Tokarev TT-33, Makarov PM1951 and Grach MR-443

Tokarev TT-33, Makarov PM1951, and Grach MR-443

A three quarter century revolution in Russian Small Arms Part 1 Part 2 Part 3 Part 4

By Dennis Adler

The gun at left is an actual TT-33, my aged Gletcher at right. There are some minor visual differences between the TT-33 and Gletcher TT, most notably the use of Colt-style rear slide serrations rather than the more distinctive elongated vertical serrations used on the Tokarev, and a slightly different look to the trigger, although accurate in size.

Arms designs were global with differing technologies but many similar ideas; one cannot look at a Colt Model 1911 without seeing similarities to countless other European arms of the period. The same can be said for Walther or Browning designs; the confluence of ideas, though perhaps packaged differently, were much the same, and with few exceptions, most were variations of John M. Browning designs created at the end of the 19th and into the early 20th century. The Russians were more often borrowers or outright purchasers of foreign arms in the mid to late 19th century when the Czars were impressed by American guns like Colt and Smith & Wesson. Even with large orders for S&W Americans modified to the needs of the Russian military, leading to S&W producing the First, Second and Third Model Russian variations, the Russian military also sought out sources of arms closer to home, in Belgium, where brothers Leon and Emile Nagant and Fabrique d’Armes et Leon Nagant in Liege developed the 7.62mm, 7-shot gas-seal Nagant revolver. The double action/single action revolver was adopted in 1895 as the standard issue handgun for the Russian Army, and was so well regarded by the military that the Russia government purchased the patent rights and began manufacturing Nagant revolvers in the arsenals at Tula, Sestroryetsk and Izhevsk. Production continued throughout the Bolshevik Revolution in 1917 and abdication of the Czarist government, through two world wars, and right up until 1945! And even after WWII, the 7-shot Negant revolvers were still carried by Soviet police and the infamous KGB.

With the aged finish and my overzealous staining of the metal to show both long use and storage, the Gletcher looks very real right down to the frame-mounted lanyard loop and hard rubber grips with the original Star and Circle emblem and the letters CCCP.

Semi-autos were slow to emerge in the Soviet Union, first with guns from other nations like the German Mauser, Colt Model 1911 and various Brownings, but when Russia built its first domestic semi-auto it would not be based on any of these established designs. Outside of being chambered in 7.62x25mm, this new handgun had to be the Soviet military’s equivalent of the U.S. military’s M1911. To create such a gun would require a designer with the skills of America’s John Moses Browning (who designed all of Colt’s semiautomatic pistols from 1900 to 1911 and comparable models for FN in Belgium as well as the Browning Hi-Power). In Russia there was such an individual, Fedor Vasilevich Tokarev, a military man and armorer since 1892. In 1900, he became a commissioned officer and his regimental master gunsmith. Tokarev had trained as a gunsmith, and like John M. Browning, he had long been fascinated with the idea of self-loading firearms. Appointed to the Imperial Small Arms Factory in the early 1900s, by 1917 Tokarev had risen to the position of technical director.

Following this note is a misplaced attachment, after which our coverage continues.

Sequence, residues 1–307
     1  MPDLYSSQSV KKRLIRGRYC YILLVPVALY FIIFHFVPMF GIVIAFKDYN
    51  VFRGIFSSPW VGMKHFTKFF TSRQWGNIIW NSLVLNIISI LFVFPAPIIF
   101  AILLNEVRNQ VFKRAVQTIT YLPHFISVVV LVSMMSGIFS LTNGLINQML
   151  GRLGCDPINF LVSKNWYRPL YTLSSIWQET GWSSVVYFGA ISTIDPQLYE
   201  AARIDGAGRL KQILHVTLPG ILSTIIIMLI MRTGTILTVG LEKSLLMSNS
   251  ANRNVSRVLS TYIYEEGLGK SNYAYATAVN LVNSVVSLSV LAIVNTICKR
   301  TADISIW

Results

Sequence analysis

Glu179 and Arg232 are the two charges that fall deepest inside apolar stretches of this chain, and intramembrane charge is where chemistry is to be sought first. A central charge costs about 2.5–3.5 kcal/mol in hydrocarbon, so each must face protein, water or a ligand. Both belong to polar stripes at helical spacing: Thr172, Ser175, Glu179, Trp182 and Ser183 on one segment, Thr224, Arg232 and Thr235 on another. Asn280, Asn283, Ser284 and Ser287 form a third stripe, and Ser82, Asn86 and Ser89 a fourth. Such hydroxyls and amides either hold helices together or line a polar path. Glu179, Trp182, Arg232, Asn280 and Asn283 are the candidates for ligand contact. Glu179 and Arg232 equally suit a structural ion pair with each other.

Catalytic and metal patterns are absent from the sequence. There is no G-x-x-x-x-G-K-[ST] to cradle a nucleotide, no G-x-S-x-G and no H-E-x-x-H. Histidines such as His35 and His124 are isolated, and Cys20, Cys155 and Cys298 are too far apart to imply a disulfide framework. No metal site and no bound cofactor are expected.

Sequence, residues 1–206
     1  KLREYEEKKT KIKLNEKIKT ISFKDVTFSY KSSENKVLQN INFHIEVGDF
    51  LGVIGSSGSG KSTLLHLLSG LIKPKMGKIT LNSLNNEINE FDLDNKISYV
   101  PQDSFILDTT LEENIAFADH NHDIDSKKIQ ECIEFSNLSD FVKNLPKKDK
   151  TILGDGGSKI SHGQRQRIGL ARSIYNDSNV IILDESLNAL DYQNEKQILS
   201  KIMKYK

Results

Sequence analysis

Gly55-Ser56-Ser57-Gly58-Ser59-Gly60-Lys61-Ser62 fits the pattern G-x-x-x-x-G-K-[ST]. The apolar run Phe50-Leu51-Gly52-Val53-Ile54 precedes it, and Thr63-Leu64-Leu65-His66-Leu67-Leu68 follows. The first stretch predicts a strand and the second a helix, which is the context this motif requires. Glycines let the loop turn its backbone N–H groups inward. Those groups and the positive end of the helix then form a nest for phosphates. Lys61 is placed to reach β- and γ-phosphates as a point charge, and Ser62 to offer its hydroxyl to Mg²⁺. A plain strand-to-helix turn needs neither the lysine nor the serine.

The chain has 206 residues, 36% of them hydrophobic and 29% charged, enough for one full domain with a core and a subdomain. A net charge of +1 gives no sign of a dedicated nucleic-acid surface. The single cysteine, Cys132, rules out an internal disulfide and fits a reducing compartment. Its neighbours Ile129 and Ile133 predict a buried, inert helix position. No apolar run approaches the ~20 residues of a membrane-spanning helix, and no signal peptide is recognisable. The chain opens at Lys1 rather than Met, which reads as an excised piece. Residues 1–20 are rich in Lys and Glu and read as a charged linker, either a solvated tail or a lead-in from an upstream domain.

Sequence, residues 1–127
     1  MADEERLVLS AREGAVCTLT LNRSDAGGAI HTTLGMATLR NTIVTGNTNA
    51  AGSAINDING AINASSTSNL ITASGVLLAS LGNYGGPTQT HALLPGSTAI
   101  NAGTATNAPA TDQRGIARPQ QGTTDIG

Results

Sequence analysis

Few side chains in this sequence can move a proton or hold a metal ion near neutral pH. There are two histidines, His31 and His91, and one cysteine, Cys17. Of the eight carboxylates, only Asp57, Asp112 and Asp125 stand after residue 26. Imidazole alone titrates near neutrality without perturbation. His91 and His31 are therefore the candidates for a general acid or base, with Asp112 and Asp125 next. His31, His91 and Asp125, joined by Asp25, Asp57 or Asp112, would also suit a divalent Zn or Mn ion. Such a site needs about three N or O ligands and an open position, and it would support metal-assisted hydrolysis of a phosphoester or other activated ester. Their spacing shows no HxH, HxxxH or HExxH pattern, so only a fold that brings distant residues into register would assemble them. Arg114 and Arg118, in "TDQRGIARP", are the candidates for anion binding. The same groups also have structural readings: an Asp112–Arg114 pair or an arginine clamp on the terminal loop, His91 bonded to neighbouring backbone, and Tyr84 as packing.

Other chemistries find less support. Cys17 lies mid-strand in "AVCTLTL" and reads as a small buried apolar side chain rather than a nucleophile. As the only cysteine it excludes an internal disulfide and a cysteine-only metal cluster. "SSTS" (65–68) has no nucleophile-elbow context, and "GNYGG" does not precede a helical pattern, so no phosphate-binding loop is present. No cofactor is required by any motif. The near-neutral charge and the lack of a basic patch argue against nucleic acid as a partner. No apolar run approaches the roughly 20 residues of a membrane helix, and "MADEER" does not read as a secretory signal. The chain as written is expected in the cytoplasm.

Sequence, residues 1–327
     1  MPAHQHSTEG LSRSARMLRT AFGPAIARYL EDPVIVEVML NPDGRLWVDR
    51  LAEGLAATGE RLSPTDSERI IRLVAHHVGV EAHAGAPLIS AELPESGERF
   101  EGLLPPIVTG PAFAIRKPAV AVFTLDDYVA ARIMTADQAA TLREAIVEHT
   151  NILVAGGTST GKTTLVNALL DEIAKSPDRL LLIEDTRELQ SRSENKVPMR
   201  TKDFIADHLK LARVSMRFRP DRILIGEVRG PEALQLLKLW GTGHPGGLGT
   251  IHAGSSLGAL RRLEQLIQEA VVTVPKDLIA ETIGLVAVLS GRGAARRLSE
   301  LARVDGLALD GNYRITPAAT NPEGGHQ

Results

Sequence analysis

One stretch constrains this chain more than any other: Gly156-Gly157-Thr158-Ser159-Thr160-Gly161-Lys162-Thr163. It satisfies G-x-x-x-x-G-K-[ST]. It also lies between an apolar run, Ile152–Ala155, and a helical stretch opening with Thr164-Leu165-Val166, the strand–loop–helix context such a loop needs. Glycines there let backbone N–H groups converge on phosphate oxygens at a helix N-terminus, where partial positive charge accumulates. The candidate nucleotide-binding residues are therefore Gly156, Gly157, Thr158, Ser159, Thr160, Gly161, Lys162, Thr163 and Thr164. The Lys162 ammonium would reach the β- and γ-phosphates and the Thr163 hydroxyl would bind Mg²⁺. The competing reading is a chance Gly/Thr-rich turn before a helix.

Shop Benjamin Rifles

As early as the end of WWI the Soviet military had recognized the importance of putting a Russian-made semiautomatic pistol into the hands of its men, and by 1930 Tokarev was about to make that a reality. His TT-30 semiautomatic pistol (Model of 1930) was an adaptation of John M. Browning’s short-recoil, locked-breech system developed for the Colt Model 1911, combined with Tokarev’s own designs for the trigger and its modular hammer and lockwork which could be removed from the frame as a single piece to simplify maintenance and field stripping. Another unique characteristic was the machining of the magazine feed lips directly into the main receiver to reduce cartridge feeding problems. Even still, there was a lot of Browning’s Colt and FN Models of 1903 and the Colt Model 1911 in Tokarev’s TT-30 and improved Model TT-33’s designs.

It’s not unusual to see them in films and television shows today as well. Usually as the gun slipped to an American caught behind enemy lines, sent to some little backstreet shop, where a man hands him a Tokarev wrapped in an old cloth.

Chambered for 7.62x25mm cartridges (virtually identical to the 7.63x25mm German Mauser Broomhandle round the Soviets had used), the Tokarev models held 8 rounds in a single stack magazine, which used a Browning-inspired, frame-mounted button release behind the triggerguard, instead of the traditional European-style magazine release in the heel of the grip frame. The TT-30 was improved and became the TT-33 when it was adopted by the Soviet army in 1933. Manufactured at the Tula Arsenal, the majority of TT-33 models were issued to Soviet officers, but the pistol was widely used by Russian troops during WWII and remained in use long after.